Saudi Aramco’s new strategy aims to implement its intelligent field (I-Field) concept in all its upstream operations by 2016-2017, according to a source close to the company.
The move is part of the company’s efforts to be more proactive in field management and move toward a vision of autonomous fields. “All of Saudi Aramco’s fields are set to be intelligent by 2016- 2017,” the source said.
Saudi Aramco is considered one of the leading national oil companies to adopt a smart field initiative through the I-Field concept, which integrates real-time data in its upstream business processes. It currently has 19 I-Fields underway.
"Saudi Aramco Aims to Slash Costs"
Saudi Aramco is working on slashing the production cost of tight formations to around USD 2 to USD 3 per thousand cubic feet in the next couple of years, according Adnan Kanaan, manager of the Gas Reservoir Management Department (GRMD) at Saudi Aramco.
Kanaan said that his company expects to reach its target that may lead to a break-even cost that would equal the best unconventional plays in the US. “We are seeing good signs from the sandstones and good costs in our drilling and completions,” Kanaan said during the 21st World Petroleum Congress held recently in Moscow.
In 2008, the operator drilled several successful wells in the Hawkville field of what would become the Eagle Ford shale play. Early results led to substantial land acquisition. The Eagle Ford, while continuous over wide sections, varies substantially in terms of fluid and rock properties. Figure 1 shows a cross section for an arbitrary line through Black Hawk and Hawkville to the Maverick basin, showing the relative changes in thickness and Young’s modulus.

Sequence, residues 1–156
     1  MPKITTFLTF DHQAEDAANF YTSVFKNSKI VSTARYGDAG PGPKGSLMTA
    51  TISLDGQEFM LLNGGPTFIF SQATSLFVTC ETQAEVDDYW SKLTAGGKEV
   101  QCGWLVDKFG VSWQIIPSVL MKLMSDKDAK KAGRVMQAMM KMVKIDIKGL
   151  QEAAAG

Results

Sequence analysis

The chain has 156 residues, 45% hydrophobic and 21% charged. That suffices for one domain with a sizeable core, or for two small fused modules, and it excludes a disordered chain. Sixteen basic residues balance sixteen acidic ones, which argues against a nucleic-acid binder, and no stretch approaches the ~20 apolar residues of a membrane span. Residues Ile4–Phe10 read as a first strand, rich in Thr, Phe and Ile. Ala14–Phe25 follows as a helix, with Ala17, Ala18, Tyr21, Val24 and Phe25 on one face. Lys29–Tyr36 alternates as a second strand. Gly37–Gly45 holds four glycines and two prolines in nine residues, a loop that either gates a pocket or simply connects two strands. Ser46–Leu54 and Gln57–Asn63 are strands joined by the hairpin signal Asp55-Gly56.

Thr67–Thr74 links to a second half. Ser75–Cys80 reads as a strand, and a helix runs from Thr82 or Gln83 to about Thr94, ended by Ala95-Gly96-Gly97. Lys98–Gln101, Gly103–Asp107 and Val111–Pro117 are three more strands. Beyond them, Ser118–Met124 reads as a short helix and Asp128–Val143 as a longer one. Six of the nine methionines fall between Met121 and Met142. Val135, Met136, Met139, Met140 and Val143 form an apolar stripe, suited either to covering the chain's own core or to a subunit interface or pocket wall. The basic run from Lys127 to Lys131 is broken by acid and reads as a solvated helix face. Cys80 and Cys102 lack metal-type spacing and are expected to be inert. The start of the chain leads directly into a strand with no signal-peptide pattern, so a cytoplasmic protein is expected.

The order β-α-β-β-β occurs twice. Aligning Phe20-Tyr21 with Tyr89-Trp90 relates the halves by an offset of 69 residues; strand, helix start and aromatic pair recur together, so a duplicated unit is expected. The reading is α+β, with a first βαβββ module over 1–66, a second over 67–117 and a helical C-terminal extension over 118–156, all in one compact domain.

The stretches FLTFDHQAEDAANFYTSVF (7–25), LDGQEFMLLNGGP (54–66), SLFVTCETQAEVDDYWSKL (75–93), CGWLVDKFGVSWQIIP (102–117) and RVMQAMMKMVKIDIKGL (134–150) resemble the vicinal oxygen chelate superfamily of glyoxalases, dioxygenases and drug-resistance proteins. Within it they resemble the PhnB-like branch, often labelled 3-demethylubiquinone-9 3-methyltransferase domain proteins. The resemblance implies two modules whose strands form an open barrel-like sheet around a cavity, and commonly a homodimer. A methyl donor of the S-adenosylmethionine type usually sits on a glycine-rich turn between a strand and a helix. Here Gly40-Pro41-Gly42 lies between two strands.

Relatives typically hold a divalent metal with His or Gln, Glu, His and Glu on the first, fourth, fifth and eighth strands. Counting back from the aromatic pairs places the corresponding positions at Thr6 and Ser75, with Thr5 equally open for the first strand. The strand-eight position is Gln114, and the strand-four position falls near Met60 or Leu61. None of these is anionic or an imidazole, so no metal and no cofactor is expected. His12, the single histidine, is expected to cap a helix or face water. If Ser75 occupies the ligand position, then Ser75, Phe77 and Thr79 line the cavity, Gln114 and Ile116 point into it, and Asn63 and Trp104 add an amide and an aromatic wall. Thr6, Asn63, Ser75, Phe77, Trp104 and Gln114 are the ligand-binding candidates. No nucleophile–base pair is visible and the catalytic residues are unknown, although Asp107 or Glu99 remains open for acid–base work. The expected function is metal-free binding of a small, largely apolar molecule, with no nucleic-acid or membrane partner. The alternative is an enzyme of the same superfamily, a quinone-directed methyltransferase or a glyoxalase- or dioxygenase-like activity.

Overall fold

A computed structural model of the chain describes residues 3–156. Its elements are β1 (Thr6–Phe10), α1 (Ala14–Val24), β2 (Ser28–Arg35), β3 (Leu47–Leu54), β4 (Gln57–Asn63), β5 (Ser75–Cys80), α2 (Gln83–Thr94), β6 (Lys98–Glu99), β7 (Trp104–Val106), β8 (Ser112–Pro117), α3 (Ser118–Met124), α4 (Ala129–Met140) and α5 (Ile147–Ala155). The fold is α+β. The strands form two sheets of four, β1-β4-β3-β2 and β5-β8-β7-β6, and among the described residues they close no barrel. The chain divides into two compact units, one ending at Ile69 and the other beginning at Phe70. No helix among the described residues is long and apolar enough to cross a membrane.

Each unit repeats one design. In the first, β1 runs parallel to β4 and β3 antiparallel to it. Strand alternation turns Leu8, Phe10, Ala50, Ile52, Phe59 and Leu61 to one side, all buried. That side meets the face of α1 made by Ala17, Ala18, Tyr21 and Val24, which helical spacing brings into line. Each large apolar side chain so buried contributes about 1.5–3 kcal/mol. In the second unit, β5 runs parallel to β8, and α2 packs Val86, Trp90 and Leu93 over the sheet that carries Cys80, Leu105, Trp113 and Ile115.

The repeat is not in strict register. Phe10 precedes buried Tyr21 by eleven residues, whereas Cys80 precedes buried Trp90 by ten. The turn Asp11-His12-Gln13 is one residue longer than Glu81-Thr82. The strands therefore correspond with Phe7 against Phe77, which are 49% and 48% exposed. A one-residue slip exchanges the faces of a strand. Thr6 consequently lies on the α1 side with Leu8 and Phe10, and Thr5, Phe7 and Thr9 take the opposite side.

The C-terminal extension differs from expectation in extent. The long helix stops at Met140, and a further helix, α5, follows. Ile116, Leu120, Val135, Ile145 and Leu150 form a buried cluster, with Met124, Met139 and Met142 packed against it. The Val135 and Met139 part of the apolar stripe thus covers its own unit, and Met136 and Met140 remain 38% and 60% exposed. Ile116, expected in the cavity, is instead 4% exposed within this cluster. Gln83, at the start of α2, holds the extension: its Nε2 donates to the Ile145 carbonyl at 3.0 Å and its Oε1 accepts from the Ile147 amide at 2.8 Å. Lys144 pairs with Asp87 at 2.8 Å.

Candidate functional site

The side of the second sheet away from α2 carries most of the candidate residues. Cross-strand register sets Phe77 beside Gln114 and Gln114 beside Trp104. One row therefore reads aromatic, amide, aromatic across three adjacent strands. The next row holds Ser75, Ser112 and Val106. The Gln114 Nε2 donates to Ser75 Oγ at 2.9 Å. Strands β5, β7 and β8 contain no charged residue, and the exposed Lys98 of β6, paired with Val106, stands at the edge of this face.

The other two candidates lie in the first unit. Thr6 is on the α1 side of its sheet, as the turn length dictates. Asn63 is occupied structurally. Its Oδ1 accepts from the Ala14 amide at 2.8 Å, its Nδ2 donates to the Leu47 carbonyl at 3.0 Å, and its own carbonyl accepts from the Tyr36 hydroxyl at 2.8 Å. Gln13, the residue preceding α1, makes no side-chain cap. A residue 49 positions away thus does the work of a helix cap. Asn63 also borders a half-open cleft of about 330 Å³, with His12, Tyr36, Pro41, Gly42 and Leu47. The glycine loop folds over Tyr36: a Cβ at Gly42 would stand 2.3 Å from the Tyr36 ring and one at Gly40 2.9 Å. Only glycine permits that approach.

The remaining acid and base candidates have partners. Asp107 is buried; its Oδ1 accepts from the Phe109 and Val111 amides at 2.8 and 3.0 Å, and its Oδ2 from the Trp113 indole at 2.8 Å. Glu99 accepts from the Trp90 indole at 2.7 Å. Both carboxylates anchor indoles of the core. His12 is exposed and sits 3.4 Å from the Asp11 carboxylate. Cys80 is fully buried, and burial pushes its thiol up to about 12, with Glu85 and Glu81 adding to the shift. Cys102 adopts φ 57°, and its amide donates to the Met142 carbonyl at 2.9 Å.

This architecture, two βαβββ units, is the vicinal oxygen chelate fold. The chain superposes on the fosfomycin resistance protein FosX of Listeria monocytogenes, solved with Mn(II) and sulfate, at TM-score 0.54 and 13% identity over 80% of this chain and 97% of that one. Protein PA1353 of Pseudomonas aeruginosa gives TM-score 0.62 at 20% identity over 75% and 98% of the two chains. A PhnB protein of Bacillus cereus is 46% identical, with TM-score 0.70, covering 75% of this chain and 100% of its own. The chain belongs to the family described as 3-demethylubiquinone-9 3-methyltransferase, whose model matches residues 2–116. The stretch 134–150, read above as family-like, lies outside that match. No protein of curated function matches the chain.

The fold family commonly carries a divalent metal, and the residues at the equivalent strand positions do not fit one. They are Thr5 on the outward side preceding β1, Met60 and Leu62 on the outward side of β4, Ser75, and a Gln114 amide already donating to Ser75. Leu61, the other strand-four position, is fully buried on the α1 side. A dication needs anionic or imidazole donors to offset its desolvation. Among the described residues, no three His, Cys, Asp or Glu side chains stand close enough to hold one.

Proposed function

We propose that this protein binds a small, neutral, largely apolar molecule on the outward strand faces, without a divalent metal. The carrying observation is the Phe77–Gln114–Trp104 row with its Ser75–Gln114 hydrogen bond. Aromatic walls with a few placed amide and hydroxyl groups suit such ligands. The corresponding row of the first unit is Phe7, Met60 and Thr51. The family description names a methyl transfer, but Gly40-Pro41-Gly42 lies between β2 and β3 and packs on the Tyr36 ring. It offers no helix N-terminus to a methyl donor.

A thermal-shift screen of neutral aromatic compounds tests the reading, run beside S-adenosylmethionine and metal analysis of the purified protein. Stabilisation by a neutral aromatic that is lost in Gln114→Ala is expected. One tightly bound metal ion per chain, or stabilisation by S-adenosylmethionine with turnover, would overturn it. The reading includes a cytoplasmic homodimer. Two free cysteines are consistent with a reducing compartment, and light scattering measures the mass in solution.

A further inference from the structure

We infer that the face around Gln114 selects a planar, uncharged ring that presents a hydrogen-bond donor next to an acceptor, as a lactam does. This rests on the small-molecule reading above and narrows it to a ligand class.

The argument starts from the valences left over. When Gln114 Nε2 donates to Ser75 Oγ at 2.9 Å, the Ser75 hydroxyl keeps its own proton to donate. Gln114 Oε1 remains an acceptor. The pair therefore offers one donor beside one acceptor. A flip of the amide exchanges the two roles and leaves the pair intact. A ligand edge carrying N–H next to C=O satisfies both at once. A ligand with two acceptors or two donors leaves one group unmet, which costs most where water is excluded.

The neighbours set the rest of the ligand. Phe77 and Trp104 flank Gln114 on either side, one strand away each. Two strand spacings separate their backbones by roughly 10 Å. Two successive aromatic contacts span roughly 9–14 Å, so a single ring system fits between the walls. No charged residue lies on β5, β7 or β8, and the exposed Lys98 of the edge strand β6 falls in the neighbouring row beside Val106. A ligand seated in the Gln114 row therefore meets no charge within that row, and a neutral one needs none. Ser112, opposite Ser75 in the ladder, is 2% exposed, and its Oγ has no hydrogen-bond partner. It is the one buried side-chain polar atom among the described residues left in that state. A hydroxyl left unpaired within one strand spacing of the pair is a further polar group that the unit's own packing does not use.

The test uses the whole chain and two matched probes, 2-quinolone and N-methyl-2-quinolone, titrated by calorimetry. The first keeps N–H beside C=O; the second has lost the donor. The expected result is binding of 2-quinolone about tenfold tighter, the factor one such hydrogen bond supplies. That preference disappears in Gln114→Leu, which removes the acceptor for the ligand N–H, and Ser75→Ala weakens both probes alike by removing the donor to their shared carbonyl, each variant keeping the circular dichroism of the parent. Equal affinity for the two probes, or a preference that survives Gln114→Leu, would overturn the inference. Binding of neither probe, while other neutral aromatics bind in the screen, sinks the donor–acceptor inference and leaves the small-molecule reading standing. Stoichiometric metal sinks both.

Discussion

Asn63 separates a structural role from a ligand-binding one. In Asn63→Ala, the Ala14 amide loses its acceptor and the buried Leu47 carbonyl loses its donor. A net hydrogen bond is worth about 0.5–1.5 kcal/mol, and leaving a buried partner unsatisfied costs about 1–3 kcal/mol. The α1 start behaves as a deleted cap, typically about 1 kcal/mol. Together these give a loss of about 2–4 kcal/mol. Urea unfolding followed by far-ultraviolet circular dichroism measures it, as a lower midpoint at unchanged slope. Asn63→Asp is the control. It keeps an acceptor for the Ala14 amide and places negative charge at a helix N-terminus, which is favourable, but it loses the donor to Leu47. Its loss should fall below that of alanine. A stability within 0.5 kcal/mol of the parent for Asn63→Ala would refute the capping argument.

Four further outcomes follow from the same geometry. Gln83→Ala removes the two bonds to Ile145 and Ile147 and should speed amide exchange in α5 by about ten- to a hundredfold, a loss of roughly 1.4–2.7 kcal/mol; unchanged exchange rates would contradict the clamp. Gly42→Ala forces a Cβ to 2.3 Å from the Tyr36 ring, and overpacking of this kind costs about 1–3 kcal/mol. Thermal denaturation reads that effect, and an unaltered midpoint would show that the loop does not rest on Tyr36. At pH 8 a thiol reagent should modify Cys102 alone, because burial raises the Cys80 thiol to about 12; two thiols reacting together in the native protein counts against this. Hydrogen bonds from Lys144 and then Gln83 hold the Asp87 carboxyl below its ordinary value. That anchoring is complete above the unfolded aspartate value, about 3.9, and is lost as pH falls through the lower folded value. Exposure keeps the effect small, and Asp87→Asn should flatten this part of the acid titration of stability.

This article, written by JPT Technology Editor Chris Carpenter, contains highlights of paper SPE 168973, "Unconventional-Asset-Development Work Flow in the Eagle Ford Shale," by David Cook, Kirsty Downing, Sebastian Bayer, Hunter Watkins, Vanon Sun Chee Fore, Marcus Stansberry, Saurabh Saksena, and Doug Peck, BHP Billiton Petroleum, prepared for the 2014 SPE Unconventional Resources Conference - USA, The Woodlands, Texas, USA, 1-3 April. The paper has not been peer reviewed.
Development of the Eagle Ford shale typically consists of horizontal wells stimulated with multiple hydraulic-fracture stages. This paper presents a pragmatic integrated work flow used to optimize development and guide critical development decisions in the Black Hawk field. Geoscientists and reservoir and completion engineers worked collaboratively to identify optimal completion designs and well spacings for development focus areas. Multiple simplistic simulation models were history matched to existing production wells.
In 2008, the operator drilled several successful wells in the Hawkville field of what would become the Eagle Ford shale play. Early results led to substantial land acquisition. The Eagle Ford, while continuous over wide sections, varies substantially in terms of fluid and rock properties. Fig. 1 shows a cross section for an arbitrary line through Black Hawk and Hawkville to the Maverick basin, showing the relative changes in thickness and Young’s modulus.
An understanding of the characterization of shale systems for simulation has evolved rapidly. Flow contributions from natural fractures, induced fractures, and matrix rock along with the nature of the hydrocarbon deposit itself should be considered. Perhaps even more important is regional variation. In the world of conventional assets, property estimation needs to be reliable only for a small geographical area, often within one sandstone structure of a few square miles at most. This can be compared with the scale of the play in Fig. 1. For conventional reservoirs, standardized laboratory methods and years of research and trial and error have educated our approaches to well-defined best practices. In shale plays, these have not yet been fully worked through and adopted by consensus, often leaving the owner of the asset as the arbiter of methodology.
Cook, David (BHP Billiton ) | Downing, Kirsty (BHP Billiton ) | Bayer, Sebastian (BHP Billiton ) | Watkins, Hunter (BHP Billiton) | Sun Chee Fore, Vanon (BHP Billiton) | Stansberry, Marcus (BHP Billiton ) | Saksena, Saurabh (BHP Billiton ) | Peck, Doug (BHP Billiton )
The Eagle Ford Shale is recognized as the largest oil and gas development in the world, based on capital investment (Woodmac report, Jan 2013). Development typically consists of horizontal wells stimulated with multiple hydraulic fracture stages. Almost $30 billion will be spent developing the play in 2013, and optimizing the completion design and spacing of these wells can result in large rewards for the companies involved.